I am doing an installation of 1/2" engineered hardwood on the second story of my home. Checking the plywood subfloor for true and level, I found a pretty big dip (1/2")

enter image description here

Is this scenario an appropriate use of self-leveling compound? If so do I need to tape the seam so it doesn't leak through or is viscous enough and doesn't matter.

Could this be made level with stacked pieces of 15# felt or is this not appropriate? I read that online, but am not sure if I want to trust it.

enter image description here

5 Answers 5


That looks like an almost non-issue (especially if the flooring will run the same direction as that level, if not you'll need to do something about it). If it's a low traffic area it might not concern me in the slightest.

I HATE, quote, "self leveling" compound. It should called: aww crap, now what? (you had better know how to trowel concrete) And if you're going to use nails instead of glue, then leveling compound is out of the question. It will crack when you shoot nails into it and the flooring won't sit right on all the crumbs.

I'd either floor right over that, or lay down a new 3/8 plywood sub-floor over the whole thing (with none of the old seams lining up, and nowhere shall four corners meet; T junctions only).

I would not use felt and I wouldn't worry about having to tape that seam if you're going to use leveling compound. But you could try using strips of luan (1/8" plywood), cut to fit that gap as large as possible, so long as they're still underneath your level (a high spot would be worse IMO).

I've never glued a hardwood floor down, but if you're going to, then this probably would be an appropriate use of self-leveling compound. However I recommend neither process.

  • Thanks! Will award bounty in 24 hours when the site lets me :-)
    – Matt
    Commented Jan 26, 2016 at 2:31
  • 1
    @Matt - You paid well for an answer. Take your time. I will in no way feel remiss if I don't get it.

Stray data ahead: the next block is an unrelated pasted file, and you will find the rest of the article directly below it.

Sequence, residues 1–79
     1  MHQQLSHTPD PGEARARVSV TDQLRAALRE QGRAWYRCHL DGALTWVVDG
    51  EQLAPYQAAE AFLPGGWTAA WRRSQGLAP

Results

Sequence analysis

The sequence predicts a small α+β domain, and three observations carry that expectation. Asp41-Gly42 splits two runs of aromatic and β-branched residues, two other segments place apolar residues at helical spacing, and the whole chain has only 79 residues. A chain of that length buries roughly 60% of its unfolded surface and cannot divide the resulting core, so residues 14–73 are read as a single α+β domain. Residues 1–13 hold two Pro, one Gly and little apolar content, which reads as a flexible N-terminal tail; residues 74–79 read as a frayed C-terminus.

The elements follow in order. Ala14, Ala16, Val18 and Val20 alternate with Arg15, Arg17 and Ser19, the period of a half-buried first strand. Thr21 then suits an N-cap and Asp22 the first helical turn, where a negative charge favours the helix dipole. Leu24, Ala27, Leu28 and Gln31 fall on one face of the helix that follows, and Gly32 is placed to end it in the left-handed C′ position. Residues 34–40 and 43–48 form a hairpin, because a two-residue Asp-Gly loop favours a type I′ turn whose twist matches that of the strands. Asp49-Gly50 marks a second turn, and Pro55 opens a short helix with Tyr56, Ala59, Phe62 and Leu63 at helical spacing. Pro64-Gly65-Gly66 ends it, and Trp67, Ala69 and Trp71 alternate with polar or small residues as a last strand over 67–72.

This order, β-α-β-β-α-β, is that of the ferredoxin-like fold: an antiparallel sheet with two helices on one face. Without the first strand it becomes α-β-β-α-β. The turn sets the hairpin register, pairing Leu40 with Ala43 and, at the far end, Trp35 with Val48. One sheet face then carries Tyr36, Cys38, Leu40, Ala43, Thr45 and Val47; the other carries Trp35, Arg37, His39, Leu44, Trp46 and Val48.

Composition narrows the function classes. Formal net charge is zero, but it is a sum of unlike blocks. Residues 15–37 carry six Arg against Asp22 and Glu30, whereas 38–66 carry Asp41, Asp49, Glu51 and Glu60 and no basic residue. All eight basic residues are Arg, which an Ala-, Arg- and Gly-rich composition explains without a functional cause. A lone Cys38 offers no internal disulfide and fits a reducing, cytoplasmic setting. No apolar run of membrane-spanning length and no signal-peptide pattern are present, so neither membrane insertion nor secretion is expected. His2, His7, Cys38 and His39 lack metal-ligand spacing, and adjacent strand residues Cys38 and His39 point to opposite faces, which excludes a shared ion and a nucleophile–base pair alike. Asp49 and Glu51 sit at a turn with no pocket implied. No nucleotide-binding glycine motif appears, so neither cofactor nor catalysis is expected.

– Mazura
    Commented Jan 27, 2016 at 4:31

This is the exact sort of thing that you should use self leveling compound for. A quick prime and then a self-leveler the next day (literally 15-20 mins of total work). Your leveling doesn't have to be perfect but I would fix the dip. This is very very easy. Self-leveling compound cannot seep through the plywood unless you put way way too much on. If you are truly worried about that you can use something like redgard but I think that is total overkill.

Also levelness does not matter, it is flatness that matters.

(Felt would be used to ramp up to an area but not flexible enough to handle this kind of issue)

And a note about your baseboards. Awesome that you took them out already. However I noticed that you haven't scored the bottoms. I suggest if your walls are drywall that you score the bottom inch so that this can serve as the expansion gap. Therefore no need for quarter round.

And another note: If you replywood it is quite likely you will end up with the same issue and that could take a lot of time and money. If you do nothing you will spend tons of money on new floor and tons of time following install instructions - and at the very best you will have a very spongy section of floor and at worst a part of the floor that will eventually fail or crack. Buy some primer and leveler - spend $20 and 20 minutes and do it right. When your floor feels flat 6 months from now you won't care at all about the extra step.